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The first thing to understand about Gloria Allred is that she does not care what you think about her relationship to media. If you search for any sense of embarrassment or shame, such as you might feel if your name were a late-night punch line for any joke regarding overly tenacious lawyering, you will not find it. It doesn’t exist. Her relationship to media is like Oprah Winfrey’s to money. It is uncomplicated, and you are free to project onto it whatever you like. –“The Avenger,” Laurie Winer, New York Times
Although much has been written on the history of meat-eating, the topic of doneness is strangely unexplored. Over the past few years, Lynne Olver, of the food history site the Food Timeline, has begun surveying the subject, from the caveman on. In an e-mail, Olver explained that for eons, “[m]eats were cooked with one general goal: make them edible.” Nonetheless, even the ancient Greeks and Romans “prescribed,” as Olver puts it, certain methods of preparation in accordance with their humoral theory of medicine. For instance, according to Hippocratic teachings, beef “will agree best with those who use it well-boiled,” and pork “should be eaten without the skin, and in a coldish state.” Such aphorisms laid the groundwork for theories on preparation that developed in the following centuries. –“Shoe-Leather Reporting: A history of well-done meat in America,” Susan Burton, Slate
Our view of classical populism is shaped by both the warnings of philosophers and the experiences of some democracies, ancient and modern. In the Politics, Aristotle defines a demagogic democracy as one in which “the decrees of the assembly override the law” and a popular faction “takes the superior share in the government as a prize of victory.” The people’s leader, the demagogue, incites them to pursue such despotism through extravagant rhetoric, playing on the people’s basest desires and fears. The result is laid out ominously in Plato’s Republic: The people — “an obedient mob” — “set up one man as their special leader…and make him grow great.” The masses take the property of the wealthy to redistribute it among themselves; the people’s enemies, meanwhile, are charged with crimes and banished from the city (or worse). The Athenian philosophers were not merely theorizing such scenarios: Their city had lived through them, during the reigns of the 5th century B.C. demagogues Alcibiades and Cleon. –“Populism, American Style,” Henry Olsne, National Affairs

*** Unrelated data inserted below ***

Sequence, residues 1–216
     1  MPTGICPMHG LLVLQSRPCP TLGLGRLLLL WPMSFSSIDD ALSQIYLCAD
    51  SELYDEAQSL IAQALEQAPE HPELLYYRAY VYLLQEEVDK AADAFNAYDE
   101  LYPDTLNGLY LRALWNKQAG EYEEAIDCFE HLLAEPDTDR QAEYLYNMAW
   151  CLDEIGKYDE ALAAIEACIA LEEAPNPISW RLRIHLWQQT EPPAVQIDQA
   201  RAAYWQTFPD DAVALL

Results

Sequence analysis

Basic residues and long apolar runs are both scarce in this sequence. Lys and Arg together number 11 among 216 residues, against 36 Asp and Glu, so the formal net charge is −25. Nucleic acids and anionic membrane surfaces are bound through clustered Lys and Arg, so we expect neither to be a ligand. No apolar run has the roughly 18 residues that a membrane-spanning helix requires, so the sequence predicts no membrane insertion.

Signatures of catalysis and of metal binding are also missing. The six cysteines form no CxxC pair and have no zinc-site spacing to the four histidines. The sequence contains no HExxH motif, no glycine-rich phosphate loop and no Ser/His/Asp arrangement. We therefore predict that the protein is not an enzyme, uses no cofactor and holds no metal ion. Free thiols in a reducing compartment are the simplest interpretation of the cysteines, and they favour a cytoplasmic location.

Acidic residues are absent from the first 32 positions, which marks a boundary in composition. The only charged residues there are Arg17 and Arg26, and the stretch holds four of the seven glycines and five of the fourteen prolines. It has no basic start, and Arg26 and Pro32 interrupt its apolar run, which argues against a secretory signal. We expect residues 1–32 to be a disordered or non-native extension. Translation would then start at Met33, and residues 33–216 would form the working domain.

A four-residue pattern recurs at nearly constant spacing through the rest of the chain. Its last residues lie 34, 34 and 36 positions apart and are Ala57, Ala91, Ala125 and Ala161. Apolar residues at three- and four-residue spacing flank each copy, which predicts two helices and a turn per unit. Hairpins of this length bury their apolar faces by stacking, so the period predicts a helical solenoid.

More from TedRoss:
On a Friday evening in January, a thousand people at the annual California Native Plant Society conference in San Jose settled down to a banquet and a keynote speech delivered by an environmental historian named Jared Farmer. His chosen topic was the eucalyptus tree and its role in California’s ecology and history. The address did not go well. Eucalyptus is not a native plant but a Victorian import from Australia. In the eyes of those gathered at the San Jose DoubleTree, it qualified as “invasive,” “exotic,” “alien” — all dirty words to this crowd, who were therefore convinced that the tree was dangerously combustible, unfriendly to birds, and excessively greedy in competing for water with honest native species.
In his speech, Farmer dutifully highlighted these ugly attributes, but also quoted a few more positive remarks made by others over the years. This was a reckless move. A reference to the tree as “indigenously Californian” elicited an abusive roar, as did an observation that without the aromatic import, the state would be like a “home without its mother.” Thereafter, the mild-mannered speaker was continually interrupted by boos, groans, and exasperated gasps. Only when he mentioned the longhorn beetle, a species imported (illegally) from Australia during the 1990s with the specific aim of killing the eucalyptus, did he earn a resounding cheer.
Percentage of Britons who cannot name the city that provides the setting for the musical Chicago:
An Australian entrepreneur was selling oysters raised in tanks laced with Viagra.
A tourism company in Australia announced a service that will allow users to take the “world’s biggest selfies,” and a Texas man accidentally killed himself while trying to pose for a selfie with a handgun.
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“Shelby is waiting for something. He himself does not know what it is. When it comes he will either go back into the world from which he came, or sink out of sight in the morass of alcoholism or despair that has engulfed other vagrants.”